Angiotensin converting enzyme (ACE) inhibitors are becoming increasingly popular as the first-choice antihypertensive agents for diabetic patients. This could be partly related to their suggested beneficial effects on insulin sensitivity. This study was designed to compare the effect of captopril with that of control (nitrendipine) on insulin sensitivity for subjects with insulin resistance. METHODS: 24 subjects, aged less than 60 years, with their insulin resistance being defined as the area under the curve (AUCi) of insulin that was 2 standard deviations (SD) more than that of the control subjects during oral glucose tolerance test were recruited. A randomized, double-blind, crossover trial was conducted for an 8 weeks treatment period with captopril and the control (nitrendipine) that was given after an initial 6 weeks run-in period. Anthropometric measurement including weight, height, waist and hip circumference, blood pressure (systolic & diastolic), lipid profile blood chemistry, electrolytes levels & renal function testing, and frequently sampled intravenous glucose tolerance tests (FSIGT) for the insulin sensitivity index (SI) & acute insulin response to glucose (AIRg) were also done before and after treatment, respectively. RESULTS: 18 subjects (6 males, 12 females) completed the study. The mean age of the study subjects was 47.9+/-2.9 years (mean+/-SEM), and their BMI was 28.0+/-0.7 kg/m2 (mean+/-SEM).There was a significant decrease in weight (baseline; 71.5+/-9.2 kg vs. captopril; 70.7+/-9.0 kg and nitrendipine; 709+/-9.2 kg, p<0.05, respectively) and BMI (baseline; 28.0+/-3.0 kg/m2 vs. captopril; 27.7+/-2.8 kg/m2 and nitrendipine; 27.8+/-2.9 kg/m2, p<0.05, respectively) for both groups compared with the baseline, but there are no significant differences between the two groups. Triglyceride was significantly decreased after treatment with captopril compared to the baseline and nitrendipine (187.0+/-99.5 mg/dL vs. 224.5+/-134.2 mg/dL, respectively, p<0.05). The SI was significantly increased after captopril treatment compared with the baseline (1.4+/-1.0 vs. 2.5+/-0.8 min-1 per mU/ml, respectively, p<0.05), and the captopril group was significantly higher than that of nitrendipine (1.5+/-1.0 min-1 per mU/ml, p <0.05). Acute insulin response to glucose in both groups was also increased after treatment, but there was no statistically significance. CONCLUSION: Captopril therapy improved insulin sensitivity, and it decreased the concentration of fasting insulin in subjects with insulin resistance.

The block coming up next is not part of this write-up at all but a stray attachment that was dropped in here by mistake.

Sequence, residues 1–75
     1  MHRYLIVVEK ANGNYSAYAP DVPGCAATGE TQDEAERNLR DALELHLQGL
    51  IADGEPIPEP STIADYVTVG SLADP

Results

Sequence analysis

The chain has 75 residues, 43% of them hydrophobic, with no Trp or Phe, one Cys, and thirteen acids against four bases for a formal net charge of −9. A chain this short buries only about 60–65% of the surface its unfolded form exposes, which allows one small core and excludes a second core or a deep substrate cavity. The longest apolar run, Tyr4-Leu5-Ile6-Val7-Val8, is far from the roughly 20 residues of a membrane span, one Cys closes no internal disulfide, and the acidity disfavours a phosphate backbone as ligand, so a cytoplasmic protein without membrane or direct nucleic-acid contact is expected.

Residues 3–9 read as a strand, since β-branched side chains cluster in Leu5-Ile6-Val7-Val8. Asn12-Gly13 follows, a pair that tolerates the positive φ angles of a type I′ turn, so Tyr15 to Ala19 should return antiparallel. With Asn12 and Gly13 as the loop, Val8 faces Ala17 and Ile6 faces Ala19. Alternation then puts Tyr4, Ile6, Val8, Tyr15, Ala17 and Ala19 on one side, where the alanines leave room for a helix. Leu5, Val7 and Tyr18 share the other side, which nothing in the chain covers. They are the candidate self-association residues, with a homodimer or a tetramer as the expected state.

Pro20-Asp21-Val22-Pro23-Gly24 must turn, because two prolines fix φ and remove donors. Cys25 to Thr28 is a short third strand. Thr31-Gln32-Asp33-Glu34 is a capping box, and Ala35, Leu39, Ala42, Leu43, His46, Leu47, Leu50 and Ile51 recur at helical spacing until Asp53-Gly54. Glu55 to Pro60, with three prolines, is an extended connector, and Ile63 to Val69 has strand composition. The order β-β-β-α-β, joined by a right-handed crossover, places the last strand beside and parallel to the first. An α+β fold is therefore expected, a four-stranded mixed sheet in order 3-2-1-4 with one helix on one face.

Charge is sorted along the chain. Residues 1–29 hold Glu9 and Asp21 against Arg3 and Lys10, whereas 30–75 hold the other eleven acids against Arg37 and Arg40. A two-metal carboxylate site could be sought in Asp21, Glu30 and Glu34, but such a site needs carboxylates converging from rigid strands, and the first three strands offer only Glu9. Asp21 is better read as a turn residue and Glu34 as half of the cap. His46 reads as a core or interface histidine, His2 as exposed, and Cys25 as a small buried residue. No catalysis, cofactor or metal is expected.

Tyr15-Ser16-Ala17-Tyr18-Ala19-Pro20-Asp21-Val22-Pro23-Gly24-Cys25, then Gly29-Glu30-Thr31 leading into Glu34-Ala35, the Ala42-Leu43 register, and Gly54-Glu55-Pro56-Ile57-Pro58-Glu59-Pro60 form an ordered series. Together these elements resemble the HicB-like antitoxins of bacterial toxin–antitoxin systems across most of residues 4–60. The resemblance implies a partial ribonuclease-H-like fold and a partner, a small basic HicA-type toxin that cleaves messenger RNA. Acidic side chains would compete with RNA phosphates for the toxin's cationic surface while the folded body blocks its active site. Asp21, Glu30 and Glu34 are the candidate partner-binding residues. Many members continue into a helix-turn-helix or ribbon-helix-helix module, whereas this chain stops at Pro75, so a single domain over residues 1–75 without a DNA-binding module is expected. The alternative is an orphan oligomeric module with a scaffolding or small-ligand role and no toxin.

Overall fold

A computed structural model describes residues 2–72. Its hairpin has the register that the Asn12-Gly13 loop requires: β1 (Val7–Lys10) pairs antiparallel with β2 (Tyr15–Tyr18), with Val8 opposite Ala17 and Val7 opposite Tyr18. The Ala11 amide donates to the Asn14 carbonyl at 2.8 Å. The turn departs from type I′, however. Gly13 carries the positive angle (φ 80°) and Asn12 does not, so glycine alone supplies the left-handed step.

Randomized Controlled Trial
Establishment of Blood Glucose Monitoring System using Internet.
Hee Soo Kim, Jae Hyoung Cho, Hyuk Sang Kwon, Jin Hee Lee, Bok Re Song, Jung A Oh, Kun Ho Yoon, Ho Young Son
Korean Diabetes J. 2003;27(3):280-287.   Published online June 1, 2003
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  • 21 Download
AbstractAbstract PDF
The internet has been used world wide as a communication tool. To improve the quality of glucose control, the effectiveness of an Internet-based Blood Glucose Monitoring System (IBGMS), on changes in HbA1c levels, was investigated. RESEARCH DESIGN AND METHODS: A randomized clinical trial, involving 110 patients who had visited outpatient's clinic at the Kangnam St. Mary's Hospital diabetes center for 3 months, was conducted. The study subjects were treated with IBGMS for 12 weeks, with a control group receiving the usual outpatient management for the same period. HbA1C and other laboratory tests were performed at the baseline and at the end of the study. RESULTS: There were no significant differences found between the two groups at the baseline measurements, with respect to age, sex, diabetes duration, body mass index, blood pressure, HbA1C and other laboratory data. In the follow up tests, the study group showed a significant reduction in the HbA1C level, by 7.1% (0.54% absolute, p=0.001), while the control group showed an increased HbA1C level (p=0.054). Moreover, there was an 11.1% reduction (0.92% absolute, p<0.001) in the HbA1C level in the patients with HbA1C levels > or =7.0% at baseline in the study group, but those with HbA1C levels <7.0% maintained good HbA1c levels, 6.32%, by the end of the study. CONCLUSIONS: This new IBGMS resulted in a significant reduction in the HbA1C levels during the study period. We propose this IBGMS as a new method for glycemic control.